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Opinion

  • New Mexico’s primary elections are just two days away, and if you haven’t voted already make it a point to go to the polls and cast your ballot Tuesday. Despite the fact that this is being billed as a highly-charged political year when voters are expected to oust incumbents across the county, a pollster in New Mexico is betting the voter turnout in the Land of Enchantment will be low.

  • Editor’s Note: This article was first published by The Center for Vision & Values on Nov. 6, 2009.

    Every Memorial Day presents an opportunity to commemorate those who served in some faraway place long ago, many of whom paid that ultimate sacrifice. World War II offers its share of remembrances: Pearl Harbor, December 7, 1941; Normandy, June 6, 1944; the Battle of the Bulge, Dec. 16, 1944; to name a few.

    Sadly, however, one series of battles continues to be ignored.

  • Two years ago in their choice of place for preprimary conventions, New Mexico’s Democrats and Republicans suggested widely contrasting visions of the future. For the vast majority not worried about such events, the conventions gather party and candidate faithful. Candidates receiving at least 20 percent of the delegate vote get on the ballot for the June primary election. Candidates with less than 20 percent must gather additional petition signatures to get on the ballot.

  • Twenty-five years ago I spent my summers beside sulfur-belching hot springs in northern California. The hot springs were not as big as Yellowstone’s. Most were just a few feet across, one or two about a dozen feet wide. None of them were truly boiling, but they were hot to the touch and gases bubbled vigorously out of them.

    To add to the general ambience of roasting sulfur, air temperatures in that part of California each July and August are in the 100-degree range, and in addition to sulfur, the hot springs carried a lot of mercury, arsenic and other toxic metals.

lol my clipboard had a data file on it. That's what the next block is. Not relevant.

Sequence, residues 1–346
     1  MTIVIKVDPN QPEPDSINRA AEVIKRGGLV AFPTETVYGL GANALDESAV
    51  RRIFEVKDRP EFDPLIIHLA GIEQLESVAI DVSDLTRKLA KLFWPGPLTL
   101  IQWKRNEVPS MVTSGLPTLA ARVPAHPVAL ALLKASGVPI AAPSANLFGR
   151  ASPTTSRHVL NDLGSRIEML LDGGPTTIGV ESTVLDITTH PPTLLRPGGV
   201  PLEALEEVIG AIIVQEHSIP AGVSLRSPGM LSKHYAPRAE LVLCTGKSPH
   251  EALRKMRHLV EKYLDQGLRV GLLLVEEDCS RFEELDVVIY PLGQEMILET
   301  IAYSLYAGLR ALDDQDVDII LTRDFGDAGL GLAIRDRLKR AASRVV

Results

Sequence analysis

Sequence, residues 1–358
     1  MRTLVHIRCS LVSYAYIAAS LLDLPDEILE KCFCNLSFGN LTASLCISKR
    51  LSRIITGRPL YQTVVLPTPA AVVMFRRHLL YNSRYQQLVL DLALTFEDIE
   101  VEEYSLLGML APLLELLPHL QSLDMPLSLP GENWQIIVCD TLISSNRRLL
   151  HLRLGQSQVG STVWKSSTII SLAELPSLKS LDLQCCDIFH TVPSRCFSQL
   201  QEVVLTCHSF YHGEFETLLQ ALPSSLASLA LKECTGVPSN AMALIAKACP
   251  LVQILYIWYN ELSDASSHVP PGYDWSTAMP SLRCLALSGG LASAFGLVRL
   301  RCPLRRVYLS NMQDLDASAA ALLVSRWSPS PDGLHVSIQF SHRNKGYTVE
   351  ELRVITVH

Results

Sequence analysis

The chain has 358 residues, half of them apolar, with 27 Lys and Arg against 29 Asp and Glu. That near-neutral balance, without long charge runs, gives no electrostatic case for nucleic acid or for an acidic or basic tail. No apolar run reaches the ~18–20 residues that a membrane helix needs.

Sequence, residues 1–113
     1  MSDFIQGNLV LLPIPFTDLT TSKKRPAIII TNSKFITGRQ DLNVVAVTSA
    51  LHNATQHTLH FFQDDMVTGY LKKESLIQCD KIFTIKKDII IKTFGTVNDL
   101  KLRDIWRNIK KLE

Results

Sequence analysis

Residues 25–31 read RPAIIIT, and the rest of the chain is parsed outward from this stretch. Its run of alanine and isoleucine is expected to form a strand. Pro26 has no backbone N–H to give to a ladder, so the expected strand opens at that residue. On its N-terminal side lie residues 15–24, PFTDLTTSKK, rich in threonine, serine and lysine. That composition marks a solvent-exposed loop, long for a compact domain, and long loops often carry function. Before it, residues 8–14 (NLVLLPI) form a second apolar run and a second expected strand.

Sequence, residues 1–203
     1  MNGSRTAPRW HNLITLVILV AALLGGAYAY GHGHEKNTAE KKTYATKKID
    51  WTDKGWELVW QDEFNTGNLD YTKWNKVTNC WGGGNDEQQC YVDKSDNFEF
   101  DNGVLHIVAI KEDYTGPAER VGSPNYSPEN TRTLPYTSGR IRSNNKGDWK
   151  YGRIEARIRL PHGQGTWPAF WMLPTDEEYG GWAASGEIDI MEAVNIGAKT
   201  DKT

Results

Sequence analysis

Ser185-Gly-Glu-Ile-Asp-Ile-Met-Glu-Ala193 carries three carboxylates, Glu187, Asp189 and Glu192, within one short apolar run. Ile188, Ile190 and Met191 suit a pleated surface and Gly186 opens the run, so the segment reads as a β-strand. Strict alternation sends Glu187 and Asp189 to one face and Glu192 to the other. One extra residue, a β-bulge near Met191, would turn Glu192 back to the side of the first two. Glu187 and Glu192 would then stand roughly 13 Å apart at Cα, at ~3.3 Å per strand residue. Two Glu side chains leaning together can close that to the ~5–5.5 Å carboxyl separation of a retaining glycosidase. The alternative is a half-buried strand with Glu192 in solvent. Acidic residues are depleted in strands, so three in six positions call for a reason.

• Christie Kelly’s letter reminds me of that old expression “you can’t make an omelet unless you break a few eggs.” Diamond Drive, like much of Los Alamos’ Cold War era infrastructure, is old, dilapidated, and badly in need of repair. As the only arterial serving much of our community, its upgrade will not be done without considerable impact to transportation and people’s lives, as there will never be a convenient time to do the work.

  • It’s presumptuous of me, a lifelong Republican, to offer advice to the Democrats, but I’m also a bit of a non-partisan political junkie and enjoy good analysis regardless of affiliation. So this is my good analysis.

    They may not want to admit it, but the Democrats in New Mexico have some problems. Republicans not only smell blood; they can taste it. All they have to say is ethics, and voters pay attention. Everyone knows which party is rife with ethical problems (for now).

  • Over the last few months, the press has been filled with worried articles about the state of the union. “Pundits are beginning to wonder if the system is broken in some fundamental way,” wrote Evan Thomas in Newsweek. “Do partisan polarization, special-interest money, snarling news outlets and public disaffection ensure gridlock into the indefinite future?” asked John Harwood in The New York Times.

  • A cloud of black smoke pouring up from the Jemez Mountains caught my attention 10 years ago.

    I was looking for the next thing to do in my life. A fun, 20-year escapade in film and video as a producer-writer seemed to be winding down.

    Swinging from vine to vine for the next project seemed to work for a quite awhile.

    I got to travel around the world and made films for the Smithsonian Institution and PBS, explored the Maya jungles and covered the First Intifada in the Gaza Strip.

  • March 20, 2010 — (DP) Disassociated Press, updated 3:39 p.m. PT (Pawlak Time)

      Beaumont, U.S. — The Iraqi military relinquished management of a Texas prison holding some 34,800 detainees to U.S. authorities on Saturday as the Iraqis continued preparations for a full withdrawal by the end of 2011.

  • It all started, for me, with The Great Toilet Paper Shortage of 1973.